I have not posted on this blog for four years. There are many reasons for this, and many reasons why it doesn't matter.
But fear me, for I shall attempt to take up the blogging pen again.
Why am I doing this? That is an excellent question. I'm not sure I have an excellent answer. Part of it has to do with the muse awaking in me, crawling and begging to get her thoughts out somewhere, anywhere. Part of it has to do with having a place to write down big, long arguments so I can get them out, try them on for size, see where I have left big, gaping holes, etc. Part of it has to do with me looking at the tech industry and seeing .... a whole lot of nothing.
Lately I have been less than impressed with what is coming out of the tech industry. Oh, I have read numerous posts about the Internet of Things, and I cannot help but think, over and over again, "This company is trying to sell a product as new and improved by adding a network port, some programming, and that's it. The base product itself hasn't changed a bit."
I am not saying that innovation has died. Far from it. But I haven't yet seen much that has made me be very impressed with any company. Or any product.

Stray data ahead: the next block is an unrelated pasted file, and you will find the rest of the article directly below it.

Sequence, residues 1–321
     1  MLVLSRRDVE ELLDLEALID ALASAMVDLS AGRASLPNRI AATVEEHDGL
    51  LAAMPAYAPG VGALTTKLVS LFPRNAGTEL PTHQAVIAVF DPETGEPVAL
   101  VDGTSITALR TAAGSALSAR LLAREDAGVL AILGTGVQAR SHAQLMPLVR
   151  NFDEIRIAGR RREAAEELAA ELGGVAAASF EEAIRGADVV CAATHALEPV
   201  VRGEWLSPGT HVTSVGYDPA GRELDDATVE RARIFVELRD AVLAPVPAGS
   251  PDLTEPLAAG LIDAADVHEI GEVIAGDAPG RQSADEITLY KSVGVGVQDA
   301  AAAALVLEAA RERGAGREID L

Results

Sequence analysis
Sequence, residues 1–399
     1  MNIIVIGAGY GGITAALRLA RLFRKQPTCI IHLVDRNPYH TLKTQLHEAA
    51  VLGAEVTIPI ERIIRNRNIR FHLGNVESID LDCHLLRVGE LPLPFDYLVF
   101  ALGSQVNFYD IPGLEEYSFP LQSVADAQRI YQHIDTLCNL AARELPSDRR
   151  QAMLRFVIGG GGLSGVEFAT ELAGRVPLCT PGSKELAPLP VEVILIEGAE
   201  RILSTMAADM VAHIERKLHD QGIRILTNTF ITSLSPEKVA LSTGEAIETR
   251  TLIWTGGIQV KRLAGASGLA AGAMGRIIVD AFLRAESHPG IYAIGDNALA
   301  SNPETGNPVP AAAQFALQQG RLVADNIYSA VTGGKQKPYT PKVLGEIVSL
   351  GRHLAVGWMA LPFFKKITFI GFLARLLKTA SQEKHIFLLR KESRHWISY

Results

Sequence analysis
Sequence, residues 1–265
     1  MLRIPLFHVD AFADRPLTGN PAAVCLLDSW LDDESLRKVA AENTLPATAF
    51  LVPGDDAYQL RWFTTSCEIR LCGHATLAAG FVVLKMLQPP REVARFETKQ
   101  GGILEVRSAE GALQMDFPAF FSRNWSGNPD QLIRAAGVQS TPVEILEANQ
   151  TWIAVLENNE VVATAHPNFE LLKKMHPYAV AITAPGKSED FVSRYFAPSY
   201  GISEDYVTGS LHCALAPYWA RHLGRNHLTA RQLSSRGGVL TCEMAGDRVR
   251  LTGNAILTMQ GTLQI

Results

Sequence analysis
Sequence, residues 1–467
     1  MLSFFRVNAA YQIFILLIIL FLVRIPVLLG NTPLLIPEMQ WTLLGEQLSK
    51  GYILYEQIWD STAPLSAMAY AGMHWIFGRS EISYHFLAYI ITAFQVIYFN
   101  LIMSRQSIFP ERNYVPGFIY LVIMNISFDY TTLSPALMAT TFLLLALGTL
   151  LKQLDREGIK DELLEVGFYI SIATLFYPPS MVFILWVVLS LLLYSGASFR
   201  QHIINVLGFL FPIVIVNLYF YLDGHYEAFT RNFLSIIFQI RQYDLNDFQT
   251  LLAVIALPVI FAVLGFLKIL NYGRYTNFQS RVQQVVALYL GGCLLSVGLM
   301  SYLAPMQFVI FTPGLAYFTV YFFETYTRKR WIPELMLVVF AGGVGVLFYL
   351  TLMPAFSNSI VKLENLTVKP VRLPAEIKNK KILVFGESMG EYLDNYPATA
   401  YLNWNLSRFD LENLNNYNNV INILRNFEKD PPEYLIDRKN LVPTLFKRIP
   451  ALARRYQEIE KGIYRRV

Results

Let's take my favorite punching bag right now: smart watches. I want to go back and look at the genesis of watches and how they became the ubiquitous tools they were for several decades, but I am not yet in a position to do this. And as much as I admire Pebble for making a first stab at smart watches, I cannot help but think: all these things are are pared-down phones or gussied-up speakers. Some of them can make phone calls. Some can read emails or text messages. But none of them are doing what the iPhone did when it first came out: combine several devices into one holistic and useful unit. Instead, now we are pulling features out of a product and trying to make it fit on a wrist. Why?
Let me answer that with a bit of my own experience. I wore a watch for decades. I loved having a waterproof watch when I was swimming, and I needed to make sure I was where I needed to be when the children depended on me for transportation, food, and help for homework. Being able to simply look down at my wrist and verify the time was useful.
Now, like many people, I don't have a watch. I use the cell phone in my pocket. But I see one big drawback to this: I get very tired of having to pull my phone out of my pocket every single solitary time I need to check the time. It takes far more effort, as compared to just looking at my wrist. And apparently a lot of folks are having the same experience--otherwise, I don't see why there would be this rush to bring back the watch.
But having a watch that is just a watch and just tells time seems lame to us now. Before the smart phones, watches started adding stopwatches, alarms, and timers to make them more useful. We do all these things now with our smart phones. So we are trying to make watches smarter as well. We want to use them to track fitness, alert us of alarms we have on our phones, and warn us of that urgent text that must--must!--be seen immediately.